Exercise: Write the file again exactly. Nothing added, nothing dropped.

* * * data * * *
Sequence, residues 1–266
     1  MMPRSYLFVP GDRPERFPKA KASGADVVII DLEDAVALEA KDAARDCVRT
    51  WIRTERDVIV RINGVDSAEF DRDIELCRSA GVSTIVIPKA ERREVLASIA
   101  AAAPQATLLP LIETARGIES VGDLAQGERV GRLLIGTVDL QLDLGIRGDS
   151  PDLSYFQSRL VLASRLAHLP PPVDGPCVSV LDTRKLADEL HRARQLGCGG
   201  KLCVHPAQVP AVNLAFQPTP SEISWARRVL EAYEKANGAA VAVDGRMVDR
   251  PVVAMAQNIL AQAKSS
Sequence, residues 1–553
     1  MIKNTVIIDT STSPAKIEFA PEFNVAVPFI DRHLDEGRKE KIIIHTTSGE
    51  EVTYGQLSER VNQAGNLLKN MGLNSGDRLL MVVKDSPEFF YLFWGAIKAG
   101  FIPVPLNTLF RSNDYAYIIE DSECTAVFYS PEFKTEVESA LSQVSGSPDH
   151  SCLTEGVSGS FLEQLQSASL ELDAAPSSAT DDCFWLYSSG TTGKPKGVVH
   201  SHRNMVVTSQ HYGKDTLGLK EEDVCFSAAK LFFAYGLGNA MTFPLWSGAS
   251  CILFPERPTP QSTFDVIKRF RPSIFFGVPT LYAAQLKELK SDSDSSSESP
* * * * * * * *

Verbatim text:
Sequence, residues 1–266
     1  MMPRSYLFVP GDRPERFPKA KASGADVVII DLEDAVALEA KDAARDCVRT
    51  WIRTERDVIV RINGVDSAEF DRDIELCRSA GVSTIVIPKA ERREVLASIA
   101  AAAPQATLLP LIETARGIES VGDLAQGERV GRLLIGTVDL QLDLGIRGDS
   151  PDLSYFQSRL VLASRLAHLP PPVDGPCVSV LDTRKLADEL HRARQLGCGG
   201  KLCVHPAQVP AVNLAFQPTP SEISWARRVL EAYEKANGAA VAVDGRMVDR
   251  PVVAMAQNIL AQAKSS
Sequence, residues 1–553
     1  MIKNTVIIDT STSPAKIEFA PEFNVAVPFI DRHLDEGRKE KIIIHTTSGE
    51  EVTYGQLSER VNQAGNLLKN MGLNSGDRLL MVVKDSPEFF YLFWGAIKAG
   101  FIPVPLNTLF RSNDYAYIIE DSECTAVFYS PEFKTEVESA LSQVSGSPDH
   151  SCLTEGVSGS FLEQLQSASL ELDAAPSSAT DDCFWLYSSG TTGKPKGVVH
   201  SHRNMVVTSQ HYGKDTLGLK EEDVCFSAAK LFFAYGLGNA MTFPLWSGAS
   251  CILFPERPTP QSTFDVIKRF RPSIFFGVPT LYAAQLKELK SDSDSSSESP